Emergence in exact natural science
David Bourget (Western Ontario)
David Chalmers (ANU, NYU)
Rafael De Clercq
Jack Alan Reynolds
Learn more about PhilPapers
The context of an operational description is given by the distinction between what we consider as relevant and what as irrelevant for a particular experiment or observation. A rigorous description of a context in terms of a mathematically formulated context-independent fundamental theory is possible by the restriction of the domain of the basic theory and the introduction of a new coarser topology. Such a new topology is never given by first principles, but depends in a crucial way on the abstractions made by the cognitive apparatus or the pattern recognition devices used by the experimentalist. A consistent mathematical formulation of a higher-level theory requires the closure of the restriction of the basic theory in the new contextual topology. The validity domain of the so constructed higher-level theory intersects nontrivially with the validity domain of the basic theory: neither domain is contained in the other. Therefore, higher-level theories cannot be totally ordered and theory reduction is not transitive. The emergence of qualitatively new properties is a necessary consequence of such a formulation of theory reduction (which does not correspond to the traditional one). Emergent properties are not manifest on the level of the basic theory, but they can be derived rigorously by imposing new, contextually selected topologies upon context-independent first principles. Most intertheoretical relations are mathematically describable as singular asymptotic expansions which do not converge in the topology of the primary theory, or by choosing one of the infinitely many possible, physically inequivalent representations of the primary theory (Gelfand–Naimark–Segal-construction of algebraic quantum mechanics). As examples we discuss the emergence of shadows, inductors, capacitors and resistors from Maxwell’s electrodynamics, the emergence of order parameters in statistical mechanics, the emergence of mass as a classical observable in Galilei-relativistic theories, the emergence of the shape of molecules in quantum mechanics, the emergence of temperature and other classical observables in algebraic quantum mechanics.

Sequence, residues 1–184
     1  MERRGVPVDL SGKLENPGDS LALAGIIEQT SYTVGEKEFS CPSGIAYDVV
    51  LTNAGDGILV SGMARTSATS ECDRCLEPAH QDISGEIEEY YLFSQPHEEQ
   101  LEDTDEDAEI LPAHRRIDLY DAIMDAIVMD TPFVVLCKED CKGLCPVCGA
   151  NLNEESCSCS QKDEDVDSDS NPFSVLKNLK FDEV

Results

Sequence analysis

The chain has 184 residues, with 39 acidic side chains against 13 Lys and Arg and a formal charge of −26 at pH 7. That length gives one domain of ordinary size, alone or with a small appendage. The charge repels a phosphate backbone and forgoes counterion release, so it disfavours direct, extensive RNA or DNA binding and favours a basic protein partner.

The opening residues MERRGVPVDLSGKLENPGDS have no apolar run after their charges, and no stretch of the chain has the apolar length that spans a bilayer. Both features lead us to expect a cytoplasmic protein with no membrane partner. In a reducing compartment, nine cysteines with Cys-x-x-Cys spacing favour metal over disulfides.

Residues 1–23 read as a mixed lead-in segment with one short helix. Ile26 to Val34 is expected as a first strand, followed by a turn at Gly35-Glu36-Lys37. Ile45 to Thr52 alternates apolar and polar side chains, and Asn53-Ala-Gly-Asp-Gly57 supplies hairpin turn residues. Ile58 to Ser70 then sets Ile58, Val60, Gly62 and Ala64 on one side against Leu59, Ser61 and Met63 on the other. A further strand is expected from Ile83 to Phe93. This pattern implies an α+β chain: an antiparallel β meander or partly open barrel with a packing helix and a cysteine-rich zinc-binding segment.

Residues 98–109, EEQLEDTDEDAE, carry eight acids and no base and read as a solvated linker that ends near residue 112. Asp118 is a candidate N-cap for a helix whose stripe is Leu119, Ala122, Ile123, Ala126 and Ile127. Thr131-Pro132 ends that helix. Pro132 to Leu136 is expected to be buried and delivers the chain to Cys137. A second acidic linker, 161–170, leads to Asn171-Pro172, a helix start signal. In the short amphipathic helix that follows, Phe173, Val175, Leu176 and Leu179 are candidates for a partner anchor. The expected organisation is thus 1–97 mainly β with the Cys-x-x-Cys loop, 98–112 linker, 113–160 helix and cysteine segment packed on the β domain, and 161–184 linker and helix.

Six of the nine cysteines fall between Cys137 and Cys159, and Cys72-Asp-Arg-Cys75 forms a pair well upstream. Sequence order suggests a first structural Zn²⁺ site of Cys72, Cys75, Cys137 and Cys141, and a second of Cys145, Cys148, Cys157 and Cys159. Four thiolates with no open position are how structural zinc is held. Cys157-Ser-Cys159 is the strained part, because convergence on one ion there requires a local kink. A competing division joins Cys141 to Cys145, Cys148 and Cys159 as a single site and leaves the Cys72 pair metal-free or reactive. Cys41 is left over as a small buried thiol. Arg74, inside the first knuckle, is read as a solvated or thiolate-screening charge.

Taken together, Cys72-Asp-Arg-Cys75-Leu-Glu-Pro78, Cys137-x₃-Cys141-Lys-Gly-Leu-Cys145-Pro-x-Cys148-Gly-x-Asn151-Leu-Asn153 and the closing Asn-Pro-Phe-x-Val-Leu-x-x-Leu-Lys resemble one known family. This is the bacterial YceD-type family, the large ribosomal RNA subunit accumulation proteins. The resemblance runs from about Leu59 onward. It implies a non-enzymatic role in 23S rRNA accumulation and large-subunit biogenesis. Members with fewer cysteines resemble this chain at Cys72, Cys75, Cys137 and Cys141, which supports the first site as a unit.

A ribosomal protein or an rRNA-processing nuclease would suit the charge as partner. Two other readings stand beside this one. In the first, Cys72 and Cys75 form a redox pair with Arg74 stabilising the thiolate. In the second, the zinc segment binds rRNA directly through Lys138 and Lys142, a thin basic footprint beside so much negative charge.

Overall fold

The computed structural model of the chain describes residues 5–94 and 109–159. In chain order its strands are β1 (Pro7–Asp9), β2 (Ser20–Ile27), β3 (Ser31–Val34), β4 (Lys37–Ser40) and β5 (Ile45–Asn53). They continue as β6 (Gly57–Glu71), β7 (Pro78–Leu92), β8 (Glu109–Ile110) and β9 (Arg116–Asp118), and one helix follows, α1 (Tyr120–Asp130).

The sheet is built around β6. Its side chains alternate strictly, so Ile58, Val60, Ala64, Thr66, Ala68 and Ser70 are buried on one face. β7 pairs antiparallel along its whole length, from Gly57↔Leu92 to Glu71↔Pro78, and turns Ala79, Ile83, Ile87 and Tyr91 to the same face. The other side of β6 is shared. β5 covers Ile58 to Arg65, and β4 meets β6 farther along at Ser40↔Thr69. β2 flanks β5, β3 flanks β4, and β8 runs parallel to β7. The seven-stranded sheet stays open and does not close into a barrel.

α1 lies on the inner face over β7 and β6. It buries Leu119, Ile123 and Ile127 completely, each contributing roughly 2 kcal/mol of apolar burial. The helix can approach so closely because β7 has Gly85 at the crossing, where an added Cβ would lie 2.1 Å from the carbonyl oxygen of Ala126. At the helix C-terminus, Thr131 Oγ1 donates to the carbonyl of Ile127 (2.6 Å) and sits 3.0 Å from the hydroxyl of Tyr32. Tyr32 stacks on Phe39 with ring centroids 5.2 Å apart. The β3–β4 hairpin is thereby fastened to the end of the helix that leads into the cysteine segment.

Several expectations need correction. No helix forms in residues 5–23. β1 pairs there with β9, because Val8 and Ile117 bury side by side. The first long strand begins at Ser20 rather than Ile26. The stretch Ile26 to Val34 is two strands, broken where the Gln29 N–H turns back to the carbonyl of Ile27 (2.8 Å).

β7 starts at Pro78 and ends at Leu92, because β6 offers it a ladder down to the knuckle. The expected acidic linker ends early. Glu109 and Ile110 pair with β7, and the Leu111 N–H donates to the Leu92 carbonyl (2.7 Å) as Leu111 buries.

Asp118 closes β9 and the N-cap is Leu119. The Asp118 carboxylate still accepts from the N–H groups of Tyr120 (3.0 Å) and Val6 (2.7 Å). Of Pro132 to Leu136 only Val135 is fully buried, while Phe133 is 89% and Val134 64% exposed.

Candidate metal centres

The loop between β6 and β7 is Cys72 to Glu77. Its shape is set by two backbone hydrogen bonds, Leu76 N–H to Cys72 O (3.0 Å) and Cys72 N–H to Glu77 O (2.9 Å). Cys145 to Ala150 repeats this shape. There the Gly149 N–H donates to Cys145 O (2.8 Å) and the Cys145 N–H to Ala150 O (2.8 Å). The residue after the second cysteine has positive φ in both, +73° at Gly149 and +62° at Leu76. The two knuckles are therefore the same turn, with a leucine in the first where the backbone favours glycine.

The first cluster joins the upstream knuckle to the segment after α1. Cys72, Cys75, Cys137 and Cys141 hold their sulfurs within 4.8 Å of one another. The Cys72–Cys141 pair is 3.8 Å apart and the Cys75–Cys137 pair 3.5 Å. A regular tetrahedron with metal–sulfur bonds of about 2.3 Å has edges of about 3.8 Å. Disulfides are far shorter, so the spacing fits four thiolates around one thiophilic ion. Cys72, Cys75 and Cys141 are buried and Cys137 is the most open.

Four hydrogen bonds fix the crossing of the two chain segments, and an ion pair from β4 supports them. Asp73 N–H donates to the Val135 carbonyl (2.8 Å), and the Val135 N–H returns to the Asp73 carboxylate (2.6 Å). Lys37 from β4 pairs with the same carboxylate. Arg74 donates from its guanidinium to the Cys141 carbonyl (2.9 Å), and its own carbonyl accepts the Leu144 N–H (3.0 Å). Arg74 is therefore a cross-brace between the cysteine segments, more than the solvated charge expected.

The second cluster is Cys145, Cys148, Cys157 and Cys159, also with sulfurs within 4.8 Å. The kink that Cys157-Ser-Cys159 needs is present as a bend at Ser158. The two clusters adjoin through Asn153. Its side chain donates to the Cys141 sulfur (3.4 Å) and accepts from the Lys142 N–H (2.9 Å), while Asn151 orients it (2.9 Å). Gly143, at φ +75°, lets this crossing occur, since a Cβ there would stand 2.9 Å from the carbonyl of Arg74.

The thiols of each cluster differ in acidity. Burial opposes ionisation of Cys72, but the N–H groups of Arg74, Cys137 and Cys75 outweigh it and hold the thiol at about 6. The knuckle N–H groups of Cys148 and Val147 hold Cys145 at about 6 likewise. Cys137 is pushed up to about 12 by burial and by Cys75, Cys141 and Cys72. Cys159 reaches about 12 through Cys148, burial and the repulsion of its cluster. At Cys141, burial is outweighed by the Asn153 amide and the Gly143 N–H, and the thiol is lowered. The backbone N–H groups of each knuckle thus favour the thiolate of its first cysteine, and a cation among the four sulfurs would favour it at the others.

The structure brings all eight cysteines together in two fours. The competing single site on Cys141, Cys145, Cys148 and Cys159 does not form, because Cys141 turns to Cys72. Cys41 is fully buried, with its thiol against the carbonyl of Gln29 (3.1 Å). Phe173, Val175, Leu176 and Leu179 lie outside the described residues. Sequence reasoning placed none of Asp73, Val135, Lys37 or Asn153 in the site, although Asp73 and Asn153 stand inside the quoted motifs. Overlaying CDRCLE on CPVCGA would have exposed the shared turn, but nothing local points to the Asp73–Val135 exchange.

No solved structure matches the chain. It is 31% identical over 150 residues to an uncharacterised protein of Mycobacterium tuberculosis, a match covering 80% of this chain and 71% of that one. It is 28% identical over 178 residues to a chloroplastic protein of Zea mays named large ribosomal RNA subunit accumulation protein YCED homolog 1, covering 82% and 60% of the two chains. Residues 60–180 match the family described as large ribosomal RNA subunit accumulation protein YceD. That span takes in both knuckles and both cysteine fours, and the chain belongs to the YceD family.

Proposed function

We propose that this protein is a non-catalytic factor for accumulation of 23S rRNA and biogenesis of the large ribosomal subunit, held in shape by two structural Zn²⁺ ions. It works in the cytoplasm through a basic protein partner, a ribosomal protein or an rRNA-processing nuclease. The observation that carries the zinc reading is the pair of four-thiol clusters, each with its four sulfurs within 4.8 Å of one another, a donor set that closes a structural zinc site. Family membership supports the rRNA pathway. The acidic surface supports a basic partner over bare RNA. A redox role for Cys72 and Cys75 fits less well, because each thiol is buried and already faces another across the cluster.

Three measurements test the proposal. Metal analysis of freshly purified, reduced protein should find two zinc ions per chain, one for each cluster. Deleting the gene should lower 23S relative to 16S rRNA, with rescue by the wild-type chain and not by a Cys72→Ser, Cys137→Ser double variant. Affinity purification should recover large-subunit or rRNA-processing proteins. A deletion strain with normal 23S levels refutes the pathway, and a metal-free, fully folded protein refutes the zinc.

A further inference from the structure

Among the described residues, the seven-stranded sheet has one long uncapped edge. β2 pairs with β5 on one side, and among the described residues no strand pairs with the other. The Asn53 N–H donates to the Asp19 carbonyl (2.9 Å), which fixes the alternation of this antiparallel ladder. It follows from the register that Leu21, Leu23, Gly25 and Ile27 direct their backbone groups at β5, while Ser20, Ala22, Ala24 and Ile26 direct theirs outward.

|Keywords||No keywords specified (fix it)|
|Categories||categorize this paper)|
Setup an account with your affiliations in order to access resources via your University's proxy server
Configure custom proxy (use this if your affiliation does not provide a proxy)
|Through your library||
References found in this work BETA
No references found.
Citations of this work BETA
Robert C. Bishop (2010). Whence Chemistry? Studies in History and Philosophy of Science Part B 41 (2):171-177.
Similar books and articles
Fritz Rohrlich (1997). Cognitive Emergence. Philosophy of Science Supplement 64 (4):346-58.
Bryon Cunningham (2001). The Reemergence of 'Emergence'. Philosophy of Science 3 (September):S63-S75.
C. A. Hooker (2004). Asymptotics, Reduction and Emergence. British Journal for the Philosophy of Science 55 (3):435-479.
Ion C. Baianu (2007). Categorical Ontology of Levels and Emergent Complexity: An Introduction. [REVIEW] Axiomathes 17 (3-4):209-222.
Harald Atmanspacher (2006). Contextual Emergence in the Description of Properties. Foundations of Physics 36 (12):1753-1777.
Robert C. Bishop & Harald Atmanspacher (2006). Contextual Emergence in the Description of Properties. Foundations of Physics 36 (12):1753-1777.
C. Ulises Moulines (2006). Ontology, Reduction, Emergence: A General Frame. Synthese 151 (3):313-323.
John Kekes (1966). Physicalism, the Identity Theory, and the Concept of Emergence. Philosophy of Science 33 (December):360-75.
Added to index2009-01-28
Total downloads10 ( #146,903 of 1,101,768 )
Recent downloads (6 months)0
How can I increase my downloads?